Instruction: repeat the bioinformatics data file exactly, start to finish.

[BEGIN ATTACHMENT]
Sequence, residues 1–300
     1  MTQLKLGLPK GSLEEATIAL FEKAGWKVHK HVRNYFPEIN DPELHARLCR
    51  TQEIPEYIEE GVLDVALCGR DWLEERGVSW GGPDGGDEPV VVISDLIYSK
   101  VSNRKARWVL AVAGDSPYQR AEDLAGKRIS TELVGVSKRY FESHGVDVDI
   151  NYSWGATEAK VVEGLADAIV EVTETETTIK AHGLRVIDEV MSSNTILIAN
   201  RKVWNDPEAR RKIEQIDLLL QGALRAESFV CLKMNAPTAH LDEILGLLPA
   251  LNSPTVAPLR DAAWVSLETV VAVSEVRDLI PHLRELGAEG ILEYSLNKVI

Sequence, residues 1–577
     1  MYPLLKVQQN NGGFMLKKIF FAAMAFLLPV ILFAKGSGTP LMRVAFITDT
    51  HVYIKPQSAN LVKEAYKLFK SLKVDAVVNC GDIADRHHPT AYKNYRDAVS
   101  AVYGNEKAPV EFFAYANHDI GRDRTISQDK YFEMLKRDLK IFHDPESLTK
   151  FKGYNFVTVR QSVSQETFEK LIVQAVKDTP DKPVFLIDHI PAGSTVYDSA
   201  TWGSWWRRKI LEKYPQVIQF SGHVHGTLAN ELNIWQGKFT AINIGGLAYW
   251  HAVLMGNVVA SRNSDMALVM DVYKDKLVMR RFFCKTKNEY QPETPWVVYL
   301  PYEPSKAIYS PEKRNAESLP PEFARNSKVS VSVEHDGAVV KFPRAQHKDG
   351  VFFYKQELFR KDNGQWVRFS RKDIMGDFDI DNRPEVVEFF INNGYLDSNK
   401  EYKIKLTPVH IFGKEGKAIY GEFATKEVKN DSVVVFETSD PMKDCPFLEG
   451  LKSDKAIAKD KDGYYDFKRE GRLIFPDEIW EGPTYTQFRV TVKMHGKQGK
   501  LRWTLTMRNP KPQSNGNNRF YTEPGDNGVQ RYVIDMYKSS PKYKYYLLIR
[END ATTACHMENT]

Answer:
Sequence, residues 1–300
     1  MTQLKLGLPK GSLEEATIAL FEKAGWKVHK HVRNYFPEIN DPELHARLCR
    51  TQEIPEYIEE GVLDVALCGR DWLEERGVSW GGPDGGDEPV VVISDLIYSK
   101  VSNRKARWVL AVAGDSPYQR AEDLAGKRIS TELVGVSKRY FESHGVDVDI
   151  NYSWGATEAK VVEGLADAIV EVTETETTIK AHGLRVIDEV MSSNTILIAN
   201  RKVWNDPEAR RKIEQIDLLL QGALRAESFV CLKMNAPTAH LDEILGLLPA
   251  LNSPTVAPLR DAAWVSLETV VAVSEVRDLI PHLRELGAEG ILEYSLNKVI

Sequence, residues 1–577
     1  MYPLLKVQQN NGGFMLKKIF FAAMAFLLPV ILFAKGSGTP LMRVAFITDT
    51  HVYIKPQSAN LVKEAYKLFK SLKVDAVVNC GDIADRHHPT AYKNYRDAVS
   101  AVYGNEKAPV EFFAYANHDI GRDRTISQDK YFEMLKRDLK IFHDPESLTK
   151  FKGYNFVTVR QSVSQETFEK LIVQAVKDTP DKPVFLIDHI PAGSTVYDSA
   201  TWGSWWRRKI LEKYPQVIQF SGHVHGTLAN ELNIWQGKFT AINIGGLAYW
   251  HAVLMGNVVA SRNSDMALVM DVYKDKLVMR RFFCKTKNEY QPETPWVVYL
   301  PYEPSKAIYS PEKRNAESLP PEFARNSKVS VSVEHDGAVV KFPRAQHKDG
   351  VFFYKQELFR KDNGQWVRFS RKDIMGDFDI DNRPEVVEFF INNGYLDSNK
   401  EYKIKLTPVH IFGKEGKAIY GEFATKEVKN DSVVVFETSD PMKDCPFLEG
   451  LKSDKAIAKD KDGYYDFKRE GRLIFPDEIW EGPTYTQFRV TVKMHGKQGK
   501  LRWTLTMRNP KPQSNGNNRF YTEPGDNGVQ RYVIDMYKSS PKYKYYLLIR